The government manages the daily operations of monasteries through Democratic Management Committees (DMCs) and the RABs. Only monks and nuns deemed loyal to the CCP may lead DMCs. Since 1995, laypeople have also been appointed to these committees. After the March 2008 demonstrations, the Drepung and Nechung monasteries were sealed off by troops, and restrictions on burning incense were imposed at Repkong monastery. In May, security forces arrested a senior abbot who headed two convents in Ganzi, where over 80 nuns had protested Chinese rule, charging him with weapons possession and embezzlement; he had yet to be sentenced at year’s end. Ganzi officials placed additional restrictions on speech and association for monks and nuns in the region, prescribing unprecedented punishments for violations, such as stripping teachers of religious authority and destroying parts of offending monasteries. Buddhist clergy also faced large-scale arrests. In the run-up to the Olympics in August, the authorities deported several hundred monks from the Drepung, Sera, and Ganden monasteries in the TAR and held them in detention centers around Golmud, Qinghai province. Many temples remained under 24-hour surveillance by soldiers or plainclothes policemen at year’s end.

The government’s “patriotic education” propaganda campaign, conducted sporadically since 1996, intensified after Zhang Qingli’s appointment in 2006. In 2008, the campaign was extended beyond monasteries to reach Tibet’s general population. Students, civil servants, farmers, and merchants were forced to recognize the CCP claim that China “liberated” Tibet and to denounce the Dalai Lama. Those who refused faced expulsion from monasteries, loss of employment, or arrest. In April, police killed eight people in a village in Sichuan after they protested the earlier arrest of two monks who opposed official desecration of photos of the Dalai Lama.

University professors cannot lecture on certain topics, and many must attend political indoctrination sessions. The government restricts course materials to prevent campus-based political and religious activity. In July 2008, authorities ordered students who had studied abroad in schools run by the Tibetan government-in-exile to return and confess any involvement in political activities, threatening them with disciplinary action and their parents with expulsion from the party if they refused.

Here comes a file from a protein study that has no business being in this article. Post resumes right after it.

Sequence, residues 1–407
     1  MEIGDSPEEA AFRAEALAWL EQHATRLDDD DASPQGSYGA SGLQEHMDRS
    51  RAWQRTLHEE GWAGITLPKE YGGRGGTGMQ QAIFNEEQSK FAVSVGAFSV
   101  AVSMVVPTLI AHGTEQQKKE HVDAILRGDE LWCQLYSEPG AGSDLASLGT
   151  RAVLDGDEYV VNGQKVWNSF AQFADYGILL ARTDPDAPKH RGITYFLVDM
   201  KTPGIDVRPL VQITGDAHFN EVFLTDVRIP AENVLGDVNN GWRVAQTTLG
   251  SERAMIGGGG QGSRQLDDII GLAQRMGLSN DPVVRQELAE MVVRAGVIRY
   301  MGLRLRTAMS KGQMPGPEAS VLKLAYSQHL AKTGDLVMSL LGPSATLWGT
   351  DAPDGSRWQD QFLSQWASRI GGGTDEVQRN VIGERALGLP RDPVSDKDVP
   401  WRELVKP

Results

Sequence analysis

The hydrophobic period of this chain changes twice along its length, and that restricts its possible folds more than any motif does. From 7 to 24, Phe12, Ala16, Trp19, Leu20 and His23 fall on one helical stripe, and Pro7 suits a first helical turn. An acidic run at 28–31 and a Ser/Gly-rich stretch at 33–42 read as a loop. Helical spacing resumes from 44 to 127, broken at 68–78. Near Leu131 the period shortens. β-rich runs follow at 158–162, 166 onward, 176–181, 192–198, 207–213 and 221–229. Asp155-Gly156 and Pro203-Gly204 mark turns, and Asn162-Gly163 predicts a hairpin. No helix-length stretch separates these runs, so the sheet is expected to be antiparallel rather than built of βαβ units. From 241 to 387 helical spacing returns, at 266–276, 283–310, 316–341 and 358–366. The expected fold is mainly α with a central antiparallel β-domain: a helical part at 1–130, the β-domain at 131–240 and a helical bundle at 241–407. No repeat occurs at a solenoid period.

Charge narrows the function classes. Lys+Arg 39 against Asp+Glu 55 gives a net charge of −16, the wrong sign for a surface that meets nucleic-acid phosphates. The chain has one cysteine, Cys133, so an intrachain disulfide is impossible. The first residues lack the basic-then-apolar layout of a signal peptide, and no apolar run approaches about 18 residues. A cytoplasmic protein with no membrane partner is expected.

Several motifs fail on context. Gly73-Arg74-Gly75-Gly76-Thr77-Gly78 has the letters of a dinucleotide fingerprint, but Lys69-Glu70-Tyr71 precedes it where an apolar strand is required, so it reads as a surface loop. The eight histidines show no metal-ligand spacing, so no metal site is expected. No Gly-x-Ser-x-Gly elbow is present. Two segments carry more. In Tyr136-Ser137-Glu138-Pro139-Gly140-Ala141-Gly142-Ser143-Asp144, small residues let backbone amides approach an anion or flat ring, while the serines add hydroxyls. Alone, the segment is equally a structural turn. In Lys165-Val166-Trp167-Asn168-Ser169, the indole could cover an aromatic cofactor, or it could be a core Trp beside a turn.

Freedoms of assembly and association are severely restricted in practice. Independent trade unions, civic groups, and human rights groups are illegal, and as seen in 2008, even nonviolent protests are harshly punished. Nongovernmental organizations (NGOs) focusing on development and health care operate under highly restrictive agreements. Some NGO employees were imprisoned during the 2008 crackdown. In October, a project officer for an HIV/AIDS program run by an Australian NGO was sentenced to life imprisonment for allegedly passing information to Tibetan exiles. On the same day, an employee of a Tibetan NGO focused on community development was sentenced to 14 years in prison for espionage.

The judicial system in Tibet remains abysmal. Defendants lack access to legal representation, and trials are closed if the issue of “state security” is invoked. Security forces routinely engage in arbitrary arrest, detention, torture, and execution without due process. Thousands of people were arrested during the 2008 crackdown, and at least 1,000 remained in custody at year’s end. A group of 18 Chinese civil rights lawyers who offered to defend accused protesters were harassed and threatened with disbarment. At least one prominent lawyer, Teng Biao, was denied renewal of his law license in June. There were continued reports of detainees being subject to beatings and torture; Tibetan human rights groups and Amnesty International documented at least four Tibetans who reportedly died in custody as a result of torture in 2008.

After the March 2008 protests, already severe restrictions on freedom of movement were exacerbated by the deployment of an estimated 70,000 soldiers and the erection of roadblocks across the region. Tibetans without residence permits were ordered to leave Lhasa, and residents were reportedly barred from leaving the city until May; Han Chinese were apparently able to move around more freely. As a consequence of travel restrictions, the number of Tibetans who successfully crossed the border into Nepal in 2008 dropped to 550, from over 2,000 in 2007.

As members of an officially recognized “minority” group, Tibetans receive preferential treatment in university admissions. However, the dominant role of the Chinese language in education and employment limits opportunities for many Tibetans. The illiteracy rate among Tibetans (over 47 percent) remains five times greater than that of Han Chinese (around 9 percent). In the private sector, employers favor Chinese for many jobs, especially in urban areas. Tibetans find it more difficult than Chinese to obtain permits and loans to open businesses. General discrimination increased after the 2008 riots, as television broadcasts showed footage of Tibetans attacking Han Chinese and burning down Han and Hui businesses.

The authorities have intensified efforts to forcibly resettle traditionally nomadic Tibetan herders in permanent-housing areas. According to official reports, in 2008 alone, the government relocated some 312,000 Tibetan farmers and herders to housing projects in urban areas.

China’s restrictive family-planning policies are more leniently enforced for Tibetans and other ethnic minorities than for Han Chinese. Officials limit urban Tibetans to having two children and encourage—but do not usually require—rural Tibetans to stop at three children.